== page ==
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Hurricane Irma's first 24 hours of destruction through Atlantic

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The most powerful Atlantic Ocean storm in recorded history is sweeping across the Caribbean leaving destruction in its wake.

Hurricane Irma howled past Puerto Rico on Wednesday after thrashing several smaller islands with tree-snapping winds, drenching rains and pounding surf on a collision course with Florida.

The tiny island of Barbuda, which has a population of 1,800, and was devastated.

Its Prime Minister Gaston Browne said: "Barbuda is literally rubble. The entire housing stock was damaged. It is just a total devastation."

His government estimated destruction on Barbuda was "upwards of 90 per cent".

As Irma hit the Caribbean, with winds of 185mph that sounded like a freight train, buildings were destroyed and hotels flooded.

The eye of Irma was passing just north of Puerto Rico late on Wednesday, buffeting the U.S. island territory's capital, San Juan, with heavy downpours and strong winds that scattered tree limbs across roadways.

"The winds that we are experiencing right now are like nothing we have experienced before," Puerto Rico Governor Ricardo Rossello told CNN. "We expect a lot of damage, perhaps not as much as was seen in Barbuda."

British tourists were evacuated from the region or hunkered down amid warnings the storm was "potentially catastrophic". So far seven deaths have been reported- six in St Martin and one, a two-year-old child, in Barbuda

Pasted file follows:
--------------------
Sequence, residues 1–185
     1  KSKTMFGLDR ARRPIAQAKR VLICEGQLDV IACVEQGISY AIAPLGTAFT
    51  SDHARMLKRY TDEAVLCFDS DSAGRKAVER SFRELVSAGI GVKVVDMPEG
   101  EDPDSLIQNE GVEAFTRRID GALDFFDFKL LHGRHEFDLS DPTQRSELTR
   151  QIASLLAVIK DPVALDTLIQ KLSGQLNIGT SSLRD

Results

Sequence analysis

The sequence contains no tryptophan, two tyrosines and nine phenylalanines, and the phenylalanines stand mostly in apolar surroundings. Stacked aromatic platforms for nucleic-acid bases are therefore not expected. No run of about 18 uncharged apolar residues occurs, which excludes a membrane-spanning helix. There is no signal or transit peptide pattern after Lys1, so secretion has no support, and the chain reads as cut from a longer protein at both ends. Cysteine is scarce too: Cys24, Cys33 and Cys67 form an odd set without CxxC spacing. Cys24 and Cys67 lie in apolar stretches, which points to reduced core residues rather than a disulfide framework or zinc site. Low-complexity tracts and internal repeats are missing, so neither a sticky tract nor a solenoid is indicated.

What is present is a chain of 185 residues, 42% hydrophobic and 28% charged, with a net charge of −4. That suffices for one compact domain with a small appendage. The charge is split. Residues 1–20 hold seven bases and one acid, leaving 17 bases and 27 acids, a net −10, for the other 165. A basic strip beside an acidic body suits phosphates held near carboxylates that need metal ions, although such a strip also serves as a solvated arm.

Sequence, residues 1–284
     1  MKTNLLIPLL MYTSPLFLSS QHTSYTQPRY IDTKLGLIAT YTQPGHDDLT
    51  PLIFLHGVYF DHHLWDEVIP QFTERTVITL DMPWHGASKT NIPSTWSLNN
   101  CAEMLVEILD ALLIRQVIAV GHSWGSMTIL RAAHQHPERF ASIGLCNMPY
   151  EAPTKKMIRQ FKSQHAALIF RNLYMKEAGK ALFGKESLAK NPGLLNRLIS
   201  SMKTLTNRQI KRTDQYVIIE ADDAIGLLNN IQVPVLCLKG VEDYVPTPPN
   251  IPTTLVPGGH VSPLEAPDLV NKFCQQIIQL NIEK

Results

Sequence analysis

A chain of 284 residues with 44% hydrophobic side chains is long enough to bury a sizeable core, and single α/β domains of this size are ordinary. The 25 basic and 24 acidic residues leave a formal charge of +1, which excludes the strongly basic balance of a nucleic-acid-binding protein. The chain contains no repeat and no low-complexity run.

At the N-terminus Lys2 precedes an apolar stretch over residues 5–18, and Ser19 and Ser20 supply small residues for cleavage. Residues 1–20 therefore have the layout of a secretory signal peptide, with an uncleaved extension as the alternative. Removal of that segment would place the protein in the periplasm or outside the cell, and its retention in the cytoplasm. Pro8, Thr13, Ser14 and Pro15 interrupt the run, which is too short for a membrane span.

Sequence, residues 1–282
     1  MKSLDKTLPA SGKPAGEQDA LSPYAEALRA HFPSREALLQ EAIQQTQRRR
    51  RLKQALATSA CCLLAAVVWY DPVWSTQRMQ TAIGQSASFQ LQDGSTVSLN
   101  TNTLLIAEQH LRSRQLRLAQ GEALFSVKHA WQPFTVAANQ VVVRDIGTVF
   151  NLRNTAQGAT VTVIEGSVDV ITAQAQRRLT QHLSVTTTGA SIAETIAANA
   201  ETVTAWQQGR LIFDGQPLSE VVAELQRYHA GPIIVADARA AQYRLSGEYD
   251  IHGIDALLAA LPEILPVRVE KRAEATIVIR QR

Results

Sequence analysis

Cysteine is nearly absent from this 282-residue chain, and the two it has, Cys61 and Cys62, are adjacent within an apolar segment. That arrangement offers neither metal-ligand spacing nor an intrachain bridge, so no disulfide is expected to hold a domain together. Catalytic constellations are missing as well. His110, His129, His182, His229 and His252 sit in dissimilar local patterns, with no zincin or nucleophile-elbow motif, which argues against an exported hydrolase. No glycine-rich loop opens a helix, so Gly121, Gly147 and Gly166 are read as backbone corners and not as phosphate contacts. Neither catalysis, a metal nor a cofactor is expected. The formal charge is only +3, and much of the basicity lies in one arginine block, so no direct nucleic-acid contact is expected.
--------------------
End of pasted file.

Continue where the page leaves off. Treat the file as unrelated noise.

As the Caribbean takes stock of the trail of devastation, Florida is preparing for a potential direct strike. The eye of the hurricane passed over Barbuda at around 1.47am (5.47am BST).

It then moved on to the French islands of St Barts and St Martin, which officials said had suffered "major damage" with even the "most sturdy" buildings destroyed by winds that tore off rooftops and knocked out electricity.

On St Martin, an island split between the Netherlands and France, Irma has destroyed Princess Juliana Airport, which is best known for aircraft flying a matter of feet above holidaymakers on a nearby beach.

A Briton on St Martin posted live updates on Twitter as he sought shelter in a concrete stairwell from "apocalyptic" scenes, writing: "This is like a movie I never want to see."

Thousands of people have been evacuated as the hurricane churns a path also taking in Puerto Rico, the Dominican Republic, Haiti and Cuba before possibly hitting Florida over the weekend.

Boris Johnson, the Foreign Secretary, said the government was in touch with British overseas territories caught up in Irma, and was doing "everything we can to help those afflicted".

Officials in Puerto Rico had warned people to seek protection from Irma's "onslaught" in a statement that ended with: "May God protect us all."

The hurricane is so strong that it appeared on equipment designed to measure earthquakes, and has the potential for coastal storm surges of up to 20 feet (six metres) above normal tide levels.

President Donald Trump has declared emergencies in Florida, Puerto Rico and the US Virgin Islands, while authorities in the Bahamas said they would evacuate six southern islands.

A mandatory evacuation has been ordered from Florida's Key West and Miami Beach, where Philip Levine, the mayor, warned that anybody who stayed put would be “on your own._

With thousands of people fleeing Florida, air fares soared. Airlines, however, denied that they were gouging passengers and exploiting the crisis. .

Meanwhile two other storms were upgraded to hurricane status.

Hurricane Jose was 1,040 miles (1,675 kilometres) east of the Lesser Antilles in the Atlantic and packing maximum sustained winds of 75 miles per hour (120 kilometres per hour), the NHC said.

The NHC said that tropical storm Katia in the southwestern Gulf of Mexico had also become a hurricane.

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